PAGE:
A Wi-Fi network can place calls when you’re trapped in an area with spotty phone signal.

James Martin/CNET

In addition to offering customers a cheaper alternative to their phone plans, one of the main draws of networks that integrate Wi-Fi technology like Google‘s Project Fi and Republic Wireless is they will seamlessly switch a user’s phone service between cellular and Wi-Fi when needed.

Wi-Fi calling is nothing new; apps like Skype, Facebook Messenger and WhatsApp make it easier to use a phone to place calls and send texts over the internet and forgo mobile networks all together. Carriers are also adopting Wi-Fi calling themselves. Whether it’s because they want to bolster their network coverage or improve user experience, several networks have phones that have this service baked in.

To help you make sense of what Wi-Fi calling is, why it’s important and what you can use it for, CNET put together a handy guide to walk you through everything you need to know.

Editors’ Note: This article was originally published on Oct. 8, 2015 and has since been updated.

What is Wi-Fi calling?

Instead of using your carrier’s network connection, you can make voice calls via a Wi-Fi network. That could mean using a Wi-Fi connection you have set up at home, or whatever Wi-Fi hotspot you happen to be on when you’re out and about, such as at a cafe or library. In most ways, it’s like any other phone call, and you still use regular phone numbers.

Now Playing:
Watch this:

Getting to know Google’s wireless service, Project Fi

Why would I want that?

Wi-Fi calling is especially useful when you’re in an area with weak carrier coverage. For example, when you’re traveling to the residential countryside, or you’re in a building with spotty reception. You may already be familiar with using Wi-Fi to send messages when SMS texting is unavailable (apps like Kik and Facebook Messenger provide these services) — and the same applies when you’re trying to place a call. With Wi-Fi, you can call a friend up even if you’re in a dingy, underground bar (assuming you can connect to the bar’s Wi-Fi, that is).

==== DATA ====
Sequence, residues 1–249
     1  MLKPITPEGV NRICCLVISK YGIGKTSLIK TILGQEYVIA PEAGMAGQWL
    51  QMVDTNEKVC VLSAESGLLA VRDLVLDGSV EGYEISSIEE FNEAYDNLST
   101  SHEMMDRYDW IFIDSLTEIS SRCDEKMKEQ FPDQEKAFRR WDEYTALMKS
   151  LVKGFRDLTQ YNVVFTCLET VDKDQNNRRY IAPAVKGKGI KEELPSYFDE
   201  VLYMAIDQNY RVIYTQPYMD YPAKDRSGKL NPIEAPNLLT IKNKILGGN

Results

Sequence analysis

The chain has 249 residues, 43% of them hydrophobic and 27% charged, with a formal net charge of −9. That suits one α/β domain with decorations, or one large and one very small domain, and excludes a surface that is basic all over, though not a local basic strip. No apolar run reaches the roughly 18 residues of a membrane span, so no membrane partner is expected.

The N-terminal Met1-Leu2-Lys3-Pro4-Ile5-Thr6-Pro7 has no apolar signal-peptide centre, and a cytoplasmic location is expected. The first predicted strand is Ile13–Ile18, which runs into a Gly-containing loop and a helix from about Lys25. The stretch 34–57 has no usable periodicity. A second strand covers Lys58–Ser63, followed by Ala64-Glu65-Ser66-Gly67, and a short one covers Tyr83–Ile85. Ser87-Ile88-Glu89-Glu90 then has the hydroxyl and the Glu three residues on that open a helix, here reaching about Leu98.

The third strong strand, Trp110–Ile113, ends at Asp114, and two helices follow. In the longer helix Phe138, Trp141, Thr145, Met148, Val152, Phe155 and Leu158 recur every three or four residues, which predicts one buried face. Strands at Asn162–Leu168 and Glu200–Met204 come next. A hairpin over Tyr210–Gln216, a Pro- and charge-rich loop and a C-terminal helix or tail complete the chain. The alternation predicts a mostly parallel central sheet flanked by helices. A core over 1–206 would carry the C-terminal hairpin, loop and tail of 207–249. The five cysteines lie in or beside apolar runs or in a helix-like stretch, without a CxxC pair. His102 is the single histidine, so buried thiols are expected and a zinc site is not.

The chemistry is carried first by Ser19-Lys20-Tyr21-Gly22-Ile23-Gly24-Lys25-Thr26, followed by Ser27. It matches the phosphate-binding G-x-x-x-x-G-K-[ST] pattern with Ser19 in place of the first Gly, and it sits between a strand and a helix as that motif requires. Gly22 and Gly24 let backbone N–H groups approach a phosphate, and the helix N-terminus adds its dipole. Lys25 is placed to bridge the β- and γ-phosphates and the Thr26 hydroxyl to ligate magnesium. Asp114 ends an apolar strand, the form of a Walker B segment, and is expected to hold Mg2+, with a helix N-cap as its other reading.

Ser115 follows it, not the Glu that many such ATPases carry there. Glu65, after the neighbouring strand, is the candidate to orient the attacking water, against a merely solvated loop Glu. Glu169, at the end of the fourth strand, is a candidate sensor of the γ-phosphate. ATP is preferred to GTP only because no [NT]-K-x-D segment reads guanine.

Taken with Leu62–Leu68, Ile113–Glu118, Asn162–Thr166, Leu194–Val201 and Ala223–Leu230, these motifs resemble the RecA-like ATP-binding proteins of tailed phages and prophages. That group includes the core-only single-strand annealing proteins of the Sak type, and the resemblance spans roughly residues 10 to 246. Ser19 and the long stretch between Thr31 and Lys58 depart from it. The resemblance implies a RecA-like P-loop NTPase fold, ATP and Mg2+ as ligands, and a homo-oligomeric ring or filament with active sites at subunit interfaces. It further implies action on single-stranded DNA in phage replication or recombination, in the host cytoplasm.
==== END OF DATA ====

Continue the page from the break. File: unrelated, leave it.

Isn’t that what Skype does?


Built-in Wi-Fi calling has some advantages over third-party services like Skype.

Josep Lago/AFP, Getty Images

In a way, yes. There are various services including Skype, Viber, WhatsApp and Facebook Messenger that provide what’s known under the umbrella term VoIP, for “voice over Internet Protocol,” to make calls with either a Wi-Fi or data connection.

Carrier-branded Wi-Fi calling is different, however. It’s baked directly into the phone’s dialer, so you don’t need to fire up an app or connect to a service to use it. You can set it as your default way of placing a call, or if you lose phone signal, it will automatically switch to Wi-Fi calling.

Because the service is built in, that also means you don’t need to add contacts to a service as you do with Skype. You’ll have access to your existing phone book, and your friends can receive your Wi-Fi call without needing to download a third-party app. With no contacts to add, carrier Wi-Fi calling requires little effort to set up.

What carriers and phones support this service?